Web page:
BINFLIP - Editorial






Given a binary string S of length N, where the first K characters are 1 and the rest are 0. You want to make all characters 0, by applying the following operations at most \log_2(N)+1 times.

  • In the i^{th} operation, you may select any 2^{i-1} length substring of S and flip the values.

Determine if it is possible to do this (along with a sequence of operations to achieve the same).


Let’s do away with the trivial case where K=0, where no operations are needed to make all characters 0. Now, we only consider K>0.

Claim: If K is an even integer, then it is impossible to make all characters 0.


It is easy to see that the 1^{st} operation changes the number of 1's in S by an odd count. It isn’t hard to similarly deduce that all subsequent operations i\ (i>1) changes the number of 1's in S by an even count (why?)

Therefore, applying the first i operations on S changes the number of 1's by an odd count. But K is even, and so we want to change the number of 1's in S by an even count, which is impossible.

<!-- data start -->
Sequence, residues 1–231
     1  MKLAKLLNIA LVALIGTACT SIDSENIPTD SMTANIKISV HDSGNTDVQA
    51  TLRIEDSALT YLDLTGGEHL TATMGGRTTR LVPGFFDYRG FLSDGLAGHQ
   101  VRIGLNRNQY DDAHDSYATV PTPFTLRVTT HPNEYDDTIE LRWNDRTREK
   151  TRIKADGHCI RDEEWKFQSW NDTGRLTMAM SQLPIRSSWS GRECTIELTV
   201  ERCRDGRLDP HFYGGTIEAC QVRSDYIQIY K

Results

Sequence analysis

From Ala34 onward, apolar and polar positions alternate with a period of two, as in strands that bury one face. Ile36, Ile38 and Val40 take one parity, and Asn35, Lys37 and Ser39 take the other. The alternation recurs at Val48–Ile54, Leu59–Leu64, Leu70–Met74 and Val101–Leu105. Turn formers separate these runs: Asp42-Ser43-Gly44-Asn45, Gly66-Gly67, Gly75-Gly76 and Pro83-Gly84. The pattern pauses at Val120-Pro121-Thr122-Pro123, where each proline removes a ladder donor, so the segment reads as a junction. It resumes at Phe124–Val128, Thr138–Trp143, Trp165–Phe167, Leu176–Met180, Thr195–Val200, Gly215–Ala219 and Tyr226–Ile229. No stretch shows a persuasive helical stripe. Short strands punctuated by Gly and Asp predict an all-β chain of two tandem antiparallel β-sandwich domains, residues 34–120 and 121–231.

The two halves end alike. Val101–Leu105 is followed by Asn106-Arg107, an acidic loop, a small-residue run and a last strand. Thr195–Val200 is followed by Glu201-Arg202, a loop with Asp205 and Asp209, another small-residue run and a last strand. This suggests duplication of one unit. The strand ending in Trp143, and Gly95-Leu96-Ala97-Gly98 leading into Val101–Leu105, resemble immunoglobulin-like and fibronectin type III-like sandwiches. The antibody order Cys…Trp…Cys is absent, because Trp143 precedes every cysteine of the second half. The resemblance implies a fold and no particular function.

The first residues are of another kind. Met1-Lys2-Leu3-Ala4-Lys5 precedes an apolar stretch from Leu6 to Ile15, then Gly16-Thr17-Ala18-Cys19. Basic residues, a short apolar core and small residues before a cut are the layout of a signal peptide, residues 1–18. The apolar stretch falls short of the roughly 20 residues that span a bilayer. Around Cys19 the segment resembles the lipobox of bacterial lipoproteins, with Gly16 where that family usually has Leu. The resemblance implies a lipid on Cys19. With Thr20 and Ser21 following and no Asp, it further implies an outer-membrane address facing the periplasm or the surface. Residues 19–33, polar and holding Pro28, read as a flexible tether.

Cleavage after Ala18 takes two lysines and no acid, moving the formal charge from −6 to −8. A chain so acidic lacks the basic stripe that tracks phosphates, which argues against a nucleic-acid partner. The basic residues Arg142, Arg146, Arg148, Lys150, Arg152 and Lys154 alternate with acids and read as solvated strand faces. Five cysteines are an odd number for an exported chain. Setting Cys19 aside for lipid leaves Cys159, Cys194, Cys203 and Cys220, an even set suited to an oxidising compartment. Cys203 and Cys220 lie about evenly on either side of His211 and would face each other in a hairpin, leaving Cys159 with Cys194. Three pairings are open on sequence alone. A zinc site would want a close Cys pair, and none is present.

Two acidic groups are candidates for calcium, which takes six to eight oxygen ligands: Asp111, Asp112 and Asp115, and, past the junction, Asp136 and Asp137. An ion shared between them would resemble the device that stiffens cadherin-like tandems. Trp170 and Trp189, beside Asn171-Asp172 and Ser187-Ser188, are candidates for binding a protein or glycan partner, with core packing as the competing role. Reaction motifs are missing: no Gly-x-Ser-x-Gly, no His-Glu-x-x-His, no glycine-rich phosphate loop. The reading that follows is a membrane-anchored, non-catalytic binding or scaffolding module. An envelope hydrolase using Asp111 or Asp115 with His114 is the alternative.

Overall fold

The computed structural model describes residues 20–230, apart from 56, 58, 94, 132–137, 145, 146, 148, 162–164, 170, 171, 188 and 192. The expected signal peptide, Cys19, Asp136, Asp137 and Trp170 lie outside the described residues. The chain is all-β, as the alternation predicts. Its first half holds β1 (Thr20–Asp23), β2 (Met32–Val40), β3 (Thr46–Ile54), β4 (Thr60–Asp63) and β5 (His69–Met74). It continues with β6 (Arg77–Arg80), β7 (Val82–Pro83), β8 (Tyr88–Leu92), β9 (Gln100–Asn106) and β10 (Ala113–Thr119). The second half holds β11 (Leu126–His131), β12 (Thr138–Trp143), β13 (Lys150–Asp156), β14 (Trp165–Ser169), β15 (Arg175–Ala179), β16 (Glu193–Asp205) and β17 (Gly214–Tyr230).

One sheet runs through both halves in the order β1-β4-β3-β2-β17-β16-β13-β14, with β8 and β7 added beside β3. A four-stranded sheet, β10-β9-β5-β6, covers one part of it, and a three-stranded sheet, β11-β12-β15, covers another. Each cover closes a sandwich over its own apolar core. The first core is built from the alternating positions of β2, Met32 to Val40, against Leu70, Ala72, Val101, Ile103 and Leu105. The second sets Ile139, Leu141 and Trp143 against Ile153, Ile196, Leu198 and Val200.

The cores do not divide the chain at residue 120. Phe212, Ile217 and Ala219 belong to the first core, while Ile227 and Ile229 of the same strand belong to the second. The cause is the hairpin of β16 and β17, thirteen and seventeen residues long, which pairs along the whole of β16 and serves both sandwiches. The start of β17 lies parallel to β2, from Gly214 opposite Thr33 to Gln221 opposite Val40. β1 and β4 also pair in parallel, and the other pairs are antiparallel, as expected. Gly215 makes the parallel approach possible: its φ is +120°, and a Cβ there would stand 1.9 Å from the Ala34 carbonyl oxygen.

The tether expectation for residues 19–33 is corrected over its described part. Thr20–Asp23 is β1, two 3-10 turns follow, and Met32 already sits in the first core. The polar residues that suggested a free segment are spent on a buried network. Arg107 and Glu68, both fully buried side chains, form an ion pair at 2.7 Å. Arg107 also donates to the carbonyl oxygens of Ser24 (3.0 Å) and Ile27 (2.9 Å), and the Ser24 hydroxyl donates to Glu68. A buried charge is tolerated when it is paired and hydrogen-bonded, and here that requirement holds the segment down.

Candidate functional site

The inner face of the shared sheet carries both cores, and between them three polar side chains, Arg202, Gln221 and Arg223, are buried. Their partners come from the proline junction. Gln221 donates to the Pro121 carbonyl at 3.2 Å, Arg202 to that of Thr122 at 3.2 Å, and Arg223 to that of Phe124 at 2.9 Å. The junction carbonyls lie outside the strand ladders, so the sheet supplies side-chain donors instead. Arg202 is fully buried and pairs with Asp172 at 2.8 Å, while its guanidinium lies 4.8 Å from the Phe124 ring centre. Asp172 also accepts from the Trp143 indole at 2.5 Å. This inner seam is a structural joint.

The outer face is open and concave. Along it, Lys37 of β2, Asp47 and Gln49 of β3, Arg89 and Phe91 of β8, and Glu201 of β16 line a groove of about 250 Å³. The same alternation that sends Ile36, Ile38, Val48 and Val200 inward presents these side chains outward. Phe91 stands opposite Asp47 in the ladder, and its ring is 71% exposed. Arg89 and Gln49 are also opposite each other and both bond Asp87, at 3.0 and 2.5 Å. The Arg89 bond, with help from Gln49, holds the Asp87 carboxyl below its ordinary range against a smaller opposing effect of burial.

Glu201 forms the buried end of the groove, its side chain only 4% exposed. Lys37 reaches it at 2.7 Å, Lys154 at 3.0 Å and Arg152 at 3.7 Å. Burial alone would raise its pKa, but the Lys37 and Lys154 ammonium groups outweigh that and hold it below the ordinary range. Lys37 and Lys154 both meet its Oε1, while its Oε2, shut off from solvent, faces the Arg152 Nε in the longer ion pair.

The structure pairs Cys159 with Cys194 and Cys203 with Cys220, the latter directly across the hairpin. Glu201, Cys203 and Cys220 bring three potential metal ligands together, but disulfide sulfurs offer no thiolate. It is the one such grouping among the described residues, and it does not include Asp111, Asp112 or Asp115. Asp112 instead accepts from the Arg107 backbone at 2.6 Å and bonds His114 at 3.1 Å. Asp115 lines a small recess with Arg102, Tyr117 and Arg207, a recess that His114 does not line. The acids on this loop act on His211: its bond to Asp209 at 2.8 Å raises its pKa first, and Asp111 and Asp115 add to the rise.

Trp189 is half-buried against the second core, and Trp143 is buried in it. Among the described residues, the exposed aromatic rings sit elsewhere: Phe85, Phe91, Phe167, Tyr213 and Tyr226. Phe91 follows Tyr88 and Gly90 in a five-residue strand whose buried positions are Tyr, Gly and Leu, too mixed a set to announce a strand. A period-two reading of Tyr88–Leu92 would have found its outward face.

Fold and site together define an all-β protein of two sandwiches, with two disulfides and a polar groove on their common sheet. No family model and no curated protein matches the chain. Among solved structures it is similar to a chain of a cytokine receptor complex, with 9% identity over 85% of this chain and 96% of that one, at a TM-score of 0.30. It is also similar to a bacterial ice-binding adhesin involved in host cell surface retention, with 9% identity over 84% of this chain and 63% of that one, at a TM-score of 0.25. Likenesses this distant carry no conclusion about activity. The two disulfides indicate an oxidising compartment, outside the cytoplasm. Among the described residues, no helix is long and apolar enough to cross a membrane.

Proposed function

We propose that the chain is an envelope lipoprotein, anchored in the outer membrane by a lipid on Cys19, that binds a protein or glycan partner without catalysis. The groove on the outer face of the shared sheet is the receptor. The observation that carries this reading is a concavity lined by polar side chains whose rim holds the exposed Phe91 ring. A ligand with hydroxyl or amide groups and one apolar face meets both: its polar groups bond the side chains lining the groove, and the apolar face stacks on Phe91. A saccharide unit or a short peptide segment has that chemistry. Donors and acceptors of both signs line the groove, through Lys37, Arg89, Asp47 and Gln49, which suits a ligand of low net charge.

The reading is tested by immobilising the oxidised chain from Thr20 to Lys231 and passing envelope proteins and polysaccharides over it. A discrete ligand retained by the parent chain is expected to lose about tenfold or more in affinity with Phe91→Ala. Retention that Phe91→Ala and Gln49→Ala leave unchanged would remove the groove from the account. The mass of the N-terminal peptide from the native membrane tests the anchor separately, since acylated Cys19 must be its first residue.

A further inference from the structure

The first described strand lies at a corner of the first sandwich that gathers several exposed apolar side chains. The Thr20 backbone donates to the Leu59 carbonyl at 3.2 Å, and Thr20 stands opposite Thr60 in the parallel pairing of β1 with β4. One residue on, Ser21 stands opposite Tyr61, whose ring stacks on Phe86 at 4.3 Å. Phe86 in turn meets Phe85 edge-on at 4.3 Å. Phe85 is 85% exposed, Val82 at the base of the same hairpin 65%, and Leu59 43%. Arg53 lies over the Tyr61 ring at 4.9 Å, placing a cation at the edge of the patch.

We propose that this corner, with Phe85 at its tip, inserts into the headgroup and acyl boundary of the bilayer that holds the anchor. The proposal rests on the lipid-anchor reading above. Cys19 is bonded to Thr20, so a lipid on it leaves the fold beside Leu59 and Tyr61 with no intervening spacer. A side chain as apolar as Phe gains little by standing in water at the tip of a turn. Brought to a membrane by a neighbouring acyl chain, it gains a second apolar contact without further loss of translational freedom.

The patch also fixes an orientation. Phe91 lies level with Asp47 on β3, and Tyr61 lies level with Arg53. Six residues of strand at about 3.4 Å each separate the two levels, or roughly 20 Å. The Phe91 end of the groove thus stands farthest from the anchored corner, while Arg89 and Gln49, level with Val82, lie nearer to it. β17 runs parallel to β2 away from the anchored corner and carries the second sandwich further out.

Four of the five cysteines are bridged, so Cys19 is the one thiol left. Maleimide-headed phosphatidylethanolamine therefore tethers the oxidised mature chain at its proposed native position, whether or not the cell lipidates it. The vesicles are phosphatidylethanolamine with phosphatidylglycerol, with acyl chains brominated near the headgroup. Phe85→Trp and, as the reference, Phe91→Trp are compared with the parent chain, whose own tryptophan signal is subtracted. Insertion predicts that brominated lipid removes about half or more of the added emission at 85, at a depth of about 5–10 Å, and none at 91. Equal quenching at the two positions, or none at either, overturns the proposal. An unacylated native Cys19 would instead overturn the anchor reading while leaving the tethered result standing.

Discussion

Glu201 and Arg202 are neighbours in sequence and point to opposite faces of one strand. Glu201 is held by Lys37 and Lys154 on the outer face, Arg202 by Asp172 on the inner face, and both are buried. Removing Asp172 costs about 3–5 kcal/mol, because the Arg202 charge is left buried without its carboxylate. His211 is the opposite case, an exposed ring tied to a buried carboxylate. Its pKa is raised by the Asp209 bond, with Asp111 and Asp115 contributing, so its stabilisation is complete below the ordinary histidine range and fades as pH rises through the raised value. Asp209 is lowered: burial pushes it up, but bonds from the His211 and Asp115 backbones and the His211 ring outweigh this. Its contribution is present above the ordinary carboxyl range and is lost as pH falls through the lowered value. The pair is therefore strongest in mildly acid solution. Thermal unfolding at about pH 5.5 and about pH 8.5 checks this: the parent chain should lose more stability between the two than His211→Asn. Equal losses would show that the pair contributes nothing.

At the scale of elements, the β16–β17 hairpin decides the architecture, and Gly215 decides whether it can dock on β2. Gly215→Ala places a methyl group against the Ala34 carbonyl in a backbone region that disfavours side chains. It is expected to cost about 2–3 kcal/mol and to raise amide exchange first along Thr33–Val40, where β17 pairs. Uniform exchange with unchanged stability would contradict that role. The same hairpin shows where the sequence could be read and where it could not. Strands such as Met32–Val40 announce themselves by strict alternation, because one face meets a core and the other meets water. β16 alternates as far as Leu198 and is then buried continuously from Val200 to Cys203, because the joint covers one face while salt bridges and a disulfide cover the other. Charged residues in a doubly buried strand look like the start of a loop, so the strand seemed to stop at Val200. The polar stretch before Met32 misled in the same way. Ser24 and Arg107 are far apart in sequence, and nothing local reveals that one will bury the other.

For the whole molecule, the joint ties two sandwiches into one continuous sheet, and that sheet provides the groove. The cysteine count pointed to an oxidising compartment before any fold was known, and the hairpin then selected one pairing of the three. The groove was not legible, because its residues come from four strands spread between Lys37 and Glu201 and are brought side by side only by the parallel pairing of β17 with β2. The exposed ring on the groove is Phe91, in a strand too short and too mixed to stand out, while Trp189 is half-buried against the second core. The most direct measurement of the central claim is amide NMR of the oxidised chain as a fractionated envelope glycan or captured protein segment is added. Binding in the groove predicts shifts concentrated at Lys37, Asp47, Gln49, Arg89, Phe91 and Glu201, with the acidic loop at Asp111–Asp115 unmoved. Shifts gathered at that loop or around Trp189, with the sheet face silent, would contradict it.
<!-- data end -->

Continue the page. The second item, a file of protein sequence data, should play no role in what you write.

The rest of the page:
Thus proved.

When K is odd, I claim it is always possible, irrespective of the value of N. More precisely, we require at most \log_2(K)+1 operations, each applied only on some substring of S[1..K] (which is equivalent to saying that the last N-K characters of S are never flipped).

The rest of the solution is constructive.

Hint 1

Try working backwards.
You have a binary string of length K (we ignore the last N-K characters, since I claimed above that it isn’t necessary to flip them ever), initially all 0.

Apply the operations on it in reverse order (operation log_2(K)+1, followed by operation log_2(K) and so on) to make the string all 1.

Trial and error is your best friend.

Hint 2